UK News

How and when to watch the partial solar eclipse this week UK News

British astronomers will have the opportunity to see a partial solar eclipse this weekend as the Moon passes between the Earth and the Sun.

Almost a third of the Sun will be masked by the Moon on Thursday morning.

An annular eclipse occurs when the Sun and the Moon are exactly aligned with the Earth, but the apparent size of the Moon is smaller than that of the Sun.

This causes the Sun to appear as a very bright ring, or ring, in a phenomenon called a “ring of fire.”

However, observers in the UK and Ireland will see a crescent of the Sun instead of a ring, as it will be a partial eclipse.

Dr Emily Drabek-Maunder, astronomer at the Royal Observatory Greenwich, told the PA news agency: “This ‘ring of fire’ will be seen from Russia, Greenland and northern Canada.

“From the UK, the annular solar eclipse will be a partial eclipse, which means we will only see the Moon pass in front of a small part of the Sun.”

She said the phenomenon would start at 10:08 a.m. on June 10 in the UK, with the maximum eclipse occurring at 11:13 a.m., when the Moon will cover nearly a third of the Sun.

The partial eclipse will end at 12:22 p.m.

Even though much of the sun’s disk will be covered, looking at the partially eclipsed Sun without proper protection can cause serious and permanent eye damage.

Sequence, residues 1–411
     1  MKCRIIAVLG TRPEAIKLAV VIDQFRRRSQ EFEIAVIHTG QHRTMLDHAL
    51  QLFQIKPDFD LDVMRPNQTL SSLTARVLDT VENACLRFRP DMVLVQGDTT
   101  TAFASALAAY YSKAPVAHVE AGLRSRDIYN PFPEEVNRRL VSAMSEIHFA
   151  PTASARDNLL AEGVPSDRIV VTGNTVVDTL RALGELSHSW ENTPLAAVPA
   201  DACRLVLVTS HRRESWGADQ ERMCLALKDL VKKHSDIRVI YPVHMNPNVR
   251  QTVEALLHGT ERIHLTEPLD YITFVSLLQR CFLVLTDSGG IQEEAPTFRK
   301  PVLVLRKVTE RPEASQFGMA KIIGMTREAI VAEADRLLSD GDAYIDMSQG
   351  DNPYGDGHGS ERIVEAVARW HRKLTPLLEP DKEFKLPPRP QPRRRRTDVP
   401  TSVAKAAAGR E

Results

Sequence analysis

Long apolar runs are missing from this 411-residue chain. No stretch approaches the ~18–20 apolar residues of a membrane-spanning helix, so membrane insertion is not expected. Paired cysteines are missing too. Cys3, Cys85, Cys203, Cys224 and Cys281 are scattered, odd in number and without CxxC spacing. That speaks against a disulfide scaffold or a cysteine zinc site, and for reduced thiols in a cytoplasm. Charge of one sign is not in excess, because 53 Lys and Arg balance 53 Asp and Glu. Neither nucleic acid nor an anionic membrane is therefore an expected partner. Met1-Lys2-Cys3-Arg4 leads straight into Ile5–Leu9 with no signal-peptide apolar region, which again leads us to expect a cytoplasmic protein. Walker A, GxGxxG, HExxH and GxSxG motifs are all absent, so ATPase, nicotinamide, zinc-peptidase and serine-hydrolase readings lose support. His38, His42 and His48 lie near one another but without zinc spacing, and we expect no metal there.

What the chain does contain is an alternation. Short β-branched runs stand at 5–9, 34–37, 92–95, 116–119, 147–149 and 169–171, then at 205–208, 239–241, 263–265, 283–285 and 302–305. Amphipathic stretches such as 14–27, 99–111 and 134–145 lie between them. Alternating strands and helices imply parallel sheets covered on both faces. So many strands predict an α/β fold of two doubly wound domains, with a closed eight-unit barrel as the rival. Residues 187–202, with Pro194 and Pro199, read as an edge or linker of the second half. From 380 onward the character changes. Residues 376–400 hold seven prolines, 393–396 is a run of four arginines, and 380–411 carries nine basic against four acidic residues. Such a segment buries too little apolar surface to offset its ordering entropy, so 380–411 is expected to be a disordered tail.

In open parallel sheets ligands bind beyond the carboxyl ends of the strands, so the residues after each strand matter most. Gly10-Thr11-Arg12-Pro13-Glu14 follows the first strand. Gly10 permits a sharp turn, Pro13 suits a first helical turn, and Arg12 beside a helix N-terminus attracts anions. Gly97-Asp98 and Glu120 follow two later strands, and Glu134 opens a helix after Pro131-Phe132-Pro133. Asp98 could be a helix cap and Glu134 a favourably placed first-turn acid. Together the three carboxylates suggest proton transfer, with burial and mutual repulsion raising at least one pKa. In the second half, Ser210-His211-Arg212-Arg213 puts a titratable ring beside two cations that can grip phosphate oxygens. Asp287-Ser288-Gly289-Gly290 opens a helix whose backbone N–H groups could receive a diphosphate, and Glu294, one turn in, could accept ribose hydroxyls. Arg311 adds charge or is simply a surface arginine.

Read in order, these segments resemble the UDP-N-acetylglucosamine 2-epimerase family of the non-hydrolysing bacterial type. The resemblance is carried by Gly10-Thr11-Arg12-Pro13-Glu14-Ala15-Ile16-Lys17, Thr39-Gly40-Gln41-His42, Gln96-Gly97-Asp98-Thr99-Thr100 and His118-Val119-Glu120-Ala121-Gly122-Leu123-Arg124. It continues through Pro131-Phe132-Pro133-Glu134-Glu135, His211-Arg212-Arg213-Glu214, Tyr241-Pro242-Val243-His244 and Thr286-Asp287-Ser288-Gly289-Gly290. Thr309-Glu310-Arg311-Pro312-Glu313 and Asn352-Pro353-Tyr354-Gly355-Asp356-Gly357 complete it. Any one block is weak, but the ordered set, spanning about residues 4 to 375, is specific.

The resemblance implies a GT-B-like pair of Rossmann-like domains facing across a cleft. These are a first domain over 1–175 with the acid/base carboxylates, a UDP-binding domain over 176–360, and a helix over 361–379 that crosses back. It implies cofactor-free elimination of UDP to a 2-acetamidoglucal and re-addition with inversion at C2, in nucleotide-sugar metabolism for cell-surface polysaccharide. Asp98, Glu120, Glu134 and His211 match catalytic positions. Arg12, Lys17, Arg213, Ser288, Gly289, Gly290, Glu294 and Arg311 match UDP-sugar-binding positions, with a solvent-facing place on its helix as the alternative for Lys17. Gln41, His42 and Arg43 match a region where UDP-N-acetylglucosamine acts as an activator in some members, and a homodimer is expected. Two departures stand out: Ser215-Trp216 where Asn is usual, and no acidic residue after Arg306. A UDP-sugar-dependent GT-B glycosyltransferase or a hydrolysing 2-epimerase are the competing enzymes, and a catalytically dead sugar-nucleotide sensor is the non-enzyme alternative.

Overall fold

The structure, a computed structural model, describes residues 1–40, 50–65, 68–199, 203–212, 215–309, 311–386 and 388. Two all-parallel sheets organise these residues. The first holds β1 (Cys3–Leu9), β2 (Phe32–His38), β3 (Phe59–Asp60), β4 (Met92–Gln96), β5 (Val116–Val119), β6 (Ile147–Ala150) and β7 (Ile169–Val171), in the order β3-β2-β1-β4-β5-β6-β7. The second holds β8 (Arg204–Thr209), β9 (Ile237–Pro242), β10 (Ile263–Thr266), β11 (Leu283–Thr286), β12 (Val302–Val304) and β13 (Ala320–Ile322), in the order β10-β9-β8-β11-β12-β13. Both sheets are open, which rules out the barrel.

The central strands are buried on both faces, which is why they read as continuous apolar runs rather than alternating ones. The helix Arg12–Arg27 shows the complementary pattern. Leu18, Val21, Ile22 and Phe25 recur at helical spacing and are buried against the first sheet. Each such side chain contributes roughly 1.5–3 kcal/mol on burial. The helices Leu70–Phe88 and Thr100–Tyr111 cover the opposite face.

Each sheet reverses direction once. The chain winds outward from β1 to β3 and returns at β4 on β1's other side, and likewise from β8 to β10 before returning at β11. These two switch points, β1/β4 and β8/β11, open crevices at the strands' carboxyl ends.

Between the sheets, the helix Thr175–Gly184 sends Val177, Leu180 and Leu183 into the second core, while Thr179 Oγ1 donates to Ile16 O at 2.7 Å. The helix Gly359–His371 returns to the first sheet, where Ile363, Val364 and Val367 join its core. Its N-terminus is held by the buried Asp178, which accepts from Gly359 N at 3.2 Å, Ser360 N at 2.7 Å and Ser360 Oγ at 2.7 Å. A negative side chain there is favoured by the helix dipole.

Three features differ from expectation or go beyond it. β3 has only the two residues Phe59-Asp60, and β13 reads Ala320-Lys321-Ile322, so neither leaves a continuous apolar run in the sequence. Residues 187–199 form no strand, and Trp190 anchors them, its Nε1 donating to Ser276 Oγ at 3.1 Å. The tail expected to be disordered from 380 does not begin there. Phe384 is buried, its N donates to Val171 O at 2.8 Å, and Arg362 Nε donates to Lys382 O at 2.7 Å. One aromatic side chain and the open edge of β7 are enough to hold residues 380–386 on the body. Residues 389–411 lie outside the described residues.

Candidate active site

Dr Drabek-Maunder said: “The UK eclipse will only be visible with certain optical techniques and aids.

“Never look at the sun directly and never use standard sunglasses, it can cause serious damage to your eyes.”

It is also not recommended to view the Sun through binoculars, telescopes or a telephoto lens on an SLR camera.

Dr Drabek-Maunder suggests using a simple pinhole projector, solar eclipse viewing goggles – which can be purchased online, or special solar filters – which can be mounted on telescopes, to observe the ‘eclipse.

She said, “You can make a spotlight by drilling a small hole in a piece of card.

“Hold the card towards the sun so the light shines through the hole and onto a piece of paper behind the card.

“You will be able to see the shape of the Sun projected onto the piece of paper and watch its shape change as the Moon passes in front of the Sun.”

The Royal Observatory Greenwich is also broadcasting the eclipse live on its website and YouTube channel.

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This notice was published: 2021-06-08 06:30:00

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